The Search For Life, What’s the Point?

Another mission, another brave “search for life”…

Is it me, or does virtually every robotic foray into space have some ET-searching component attached? In the case of Mars exploration, every lander and rover’s prime directive is find life, evidence of past life, potential for life or the building blocks of life. Even the very first man-made artefact to land (crash) on the planet, the 1971 Soviet Mars 2 mission, was designed to find organic compounds and… any sign of life.

On writing an article yesterday (“Wasteful” Sample Storage Box Removed from Mars Science Laboratory), I started to think that we might just be trying a little too hard and spending too much money on this endeavour. Perhaps there’s another way for us to work out if we are, indeed, an interplanetary (possibly intergalactic?) oasis, or a component of a biological cosmic zoo…
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Another Exoplanet Candidate Identified by ESO

It would appear that yet another extrasolar planet has been directly observed!

Only last week, the Hubble Space Telescope released news that it had spotted an exoplanet orbiting the star Fomalhaut. This is the first ever direct observation of an exoplanet in optical wavelengths. On the same day, joint observations by the ground-based (adaptive optics-powered) Keck II and Gemini infrared telescopes discovered a collection of three large alien worlds orbiting a star catalogued as HR 8799.

Today, a completely different observatory appears to have discovered yet another exoplanet orbiting the hot star Beta Pictoris (in the constellation of Pictor). European Southern Observatory (ESO) astronomers have directly imaged β Pictoris b, an alien planet orbiting 8 AU from its host star.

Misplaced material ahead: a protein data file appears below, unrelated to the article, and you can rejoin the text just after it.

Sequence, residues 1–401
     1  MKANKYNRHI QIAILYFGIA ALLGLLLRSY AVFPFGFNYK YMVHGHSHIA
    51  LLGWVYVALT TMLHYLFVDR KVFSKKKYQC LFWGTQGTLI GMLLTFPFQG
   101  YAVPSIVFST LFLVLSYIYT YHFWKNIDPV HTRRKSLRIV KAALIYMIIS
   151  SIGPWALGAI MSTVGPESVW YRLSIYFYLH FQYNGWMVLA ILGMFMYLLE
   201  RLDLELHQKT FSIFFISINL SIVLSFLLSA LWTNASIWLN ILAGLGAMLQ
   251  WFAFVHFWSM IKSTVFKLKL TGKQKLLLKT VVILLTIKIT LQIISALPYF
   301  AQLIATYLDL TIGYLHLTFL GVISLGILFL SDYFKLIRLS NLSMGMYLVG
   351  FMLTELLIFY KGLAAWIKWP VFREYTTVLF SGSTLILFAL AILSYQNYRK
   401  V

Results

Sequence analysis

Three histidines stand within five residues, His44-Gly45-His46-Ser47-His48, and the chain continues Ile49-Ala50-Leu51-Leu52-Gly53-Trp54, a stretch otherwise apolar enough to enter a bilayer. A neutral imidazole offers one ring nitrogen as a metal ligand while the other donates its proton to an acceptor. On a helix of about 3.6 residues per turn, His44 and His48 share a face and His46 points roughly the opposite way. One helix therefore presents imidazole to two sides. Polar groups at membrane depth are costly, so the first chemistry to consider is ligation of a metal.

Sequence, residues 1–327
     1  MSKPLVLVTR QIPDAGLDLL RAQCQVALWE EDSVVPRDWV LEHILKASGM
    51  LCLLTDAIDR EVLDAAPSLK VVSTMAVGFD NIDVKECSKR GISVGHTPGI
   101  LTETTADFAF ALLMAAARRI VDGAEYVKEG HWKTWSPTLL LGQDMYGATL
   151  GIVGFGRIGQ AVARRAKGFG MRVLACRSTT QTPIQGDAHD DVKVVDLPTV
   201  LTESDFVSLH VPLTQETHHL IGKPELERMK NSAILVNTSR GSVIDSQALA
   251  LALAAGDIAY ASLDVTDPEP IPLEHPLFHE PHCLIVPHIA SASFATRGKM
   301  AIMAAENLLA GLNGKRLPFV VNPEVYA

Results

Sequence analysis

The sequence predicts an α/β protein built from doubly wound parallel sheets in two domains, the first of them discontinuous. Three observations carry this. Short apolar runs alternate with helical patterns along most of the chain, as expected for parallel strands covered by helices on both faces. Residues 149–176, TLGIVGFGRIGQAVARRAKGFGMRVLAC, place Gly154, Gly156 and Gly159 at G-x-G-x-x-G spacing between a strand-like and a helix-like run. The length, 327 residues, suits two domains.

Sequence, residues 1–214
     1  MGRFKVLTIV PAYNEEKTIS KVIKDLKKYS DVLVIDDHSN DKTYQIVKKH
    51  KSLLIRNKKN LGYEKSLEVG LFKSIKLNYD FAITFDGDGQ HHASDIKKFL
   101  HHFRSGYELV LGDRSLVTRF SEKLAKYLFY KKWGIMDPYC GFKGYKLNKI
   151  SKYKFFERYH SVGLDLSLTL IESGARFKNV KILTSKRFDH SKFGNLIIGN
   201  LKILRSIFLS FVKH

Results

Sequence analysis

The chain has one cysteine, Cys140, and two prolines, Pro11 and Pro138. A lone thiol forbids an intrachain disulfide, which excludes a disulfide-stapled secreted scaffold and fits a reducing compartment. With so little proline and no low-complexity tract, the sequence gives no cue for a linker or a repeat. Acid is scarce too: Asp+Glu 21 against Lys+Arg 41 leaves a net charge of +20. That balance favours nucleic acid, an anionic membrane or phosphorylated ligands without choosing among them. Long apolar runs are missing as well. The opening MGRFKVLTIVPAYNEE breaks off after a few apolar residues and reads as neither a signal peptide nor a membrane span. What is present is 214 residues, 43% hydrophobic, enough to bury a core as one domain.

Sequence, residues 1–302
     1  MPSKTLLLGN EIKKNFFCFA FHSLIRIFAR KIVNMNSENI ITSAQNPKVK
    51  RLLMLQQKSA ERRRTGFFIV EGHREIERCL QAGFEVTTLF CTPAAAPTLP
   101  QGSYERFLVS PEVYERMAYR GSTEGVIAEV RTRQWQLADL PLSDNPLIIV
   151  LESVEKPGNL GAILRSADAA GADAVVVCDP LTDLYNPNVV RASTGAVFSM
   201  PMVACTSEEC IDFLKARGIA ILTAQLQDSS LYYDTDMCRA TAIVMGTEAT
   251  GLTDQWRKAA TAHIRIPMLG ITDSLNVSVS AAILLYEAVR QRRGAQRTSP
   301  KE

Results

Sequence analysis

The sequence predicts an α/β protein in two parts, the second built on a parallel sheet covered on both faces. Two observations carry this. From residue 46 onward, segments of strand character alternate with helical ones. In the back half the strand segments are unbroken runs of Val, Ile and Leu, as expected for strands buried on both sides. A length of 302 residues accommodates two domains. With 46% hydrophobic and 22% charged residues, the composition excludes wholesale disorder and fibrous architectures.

A phenomenal achievement considering β Pictoris is over 63 light years away…
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Alien Worlds: Extrasolar Planets Imaged for First Time

Two of the three confirmed planets orbiting HR 8799 indicated as
Two of the three confirmed planets orbiting HR 8799 indicated as “b” and “c” on the image above. “b” is the ~7 Jupiter-mass planet orbiting at about 70 AU, “c” is the ~10 Jupiter-mass planet orbiting the star at about 40 AU. Due to the brightness of the central star, it has been blocked and appears blank in this image to increase visibility of the planets (Gemini Observatory)

The day has finally come. We now have direct, infrared and optical observations of planets orbiting other stars. Yesterday, reports from two independent sources surfaced, one from the Gemini and Keck II observatories and the second from the Hubble Space Telescope. Brace yourself for an awe-inspiring display of planets orbiting two stars…

The Gemini/Keck observations were carried out using adaptive optics technology to correct in real-time for atmospheric turbulence. The stunning images of a multiple planetary star system were then constructed from infrared emissions (the image, top, was constructed by Keck II as a follow-up to to the Gemini observations). The system in question is centred around a star called HR 8799, approximately 130 light years from Earth and in the constellation of Pegasus. The entire press release can be found at the Gemini observatory site, where they give the discovery a full run-down.

On the same day, the Hubble Space Telescope team also released images of one extrasolar planet, only this time in optical wavelengths. Although the exoplanet in Hubble’s images is less obvious than the infrared Gemini/Keck II images, incredible detail has been attained, showing a ring of dust around the star Fomalhaut (located in the constellation of Piscis Austrinus). Fomalhaut is 25 light years away and the star’s daughter planet (Fomalhaut b) is only a little under 3 Jupiter masses.

Estimated to be no more than three times Jupiter's mass, the planet, called Fomalhaut b, orbits the bright southern star Fomalhaut, located 25 light-years away in the constellation Piscis Austrinus (NASA/ESA)
Estimated to be no more than three times Jupiter’s mass, the planet, called Fomalhaut b, orbits the bright southern star Fomalhaut, located 25 light-years away in the constellation Piscis Austrinus (NASA/ESA)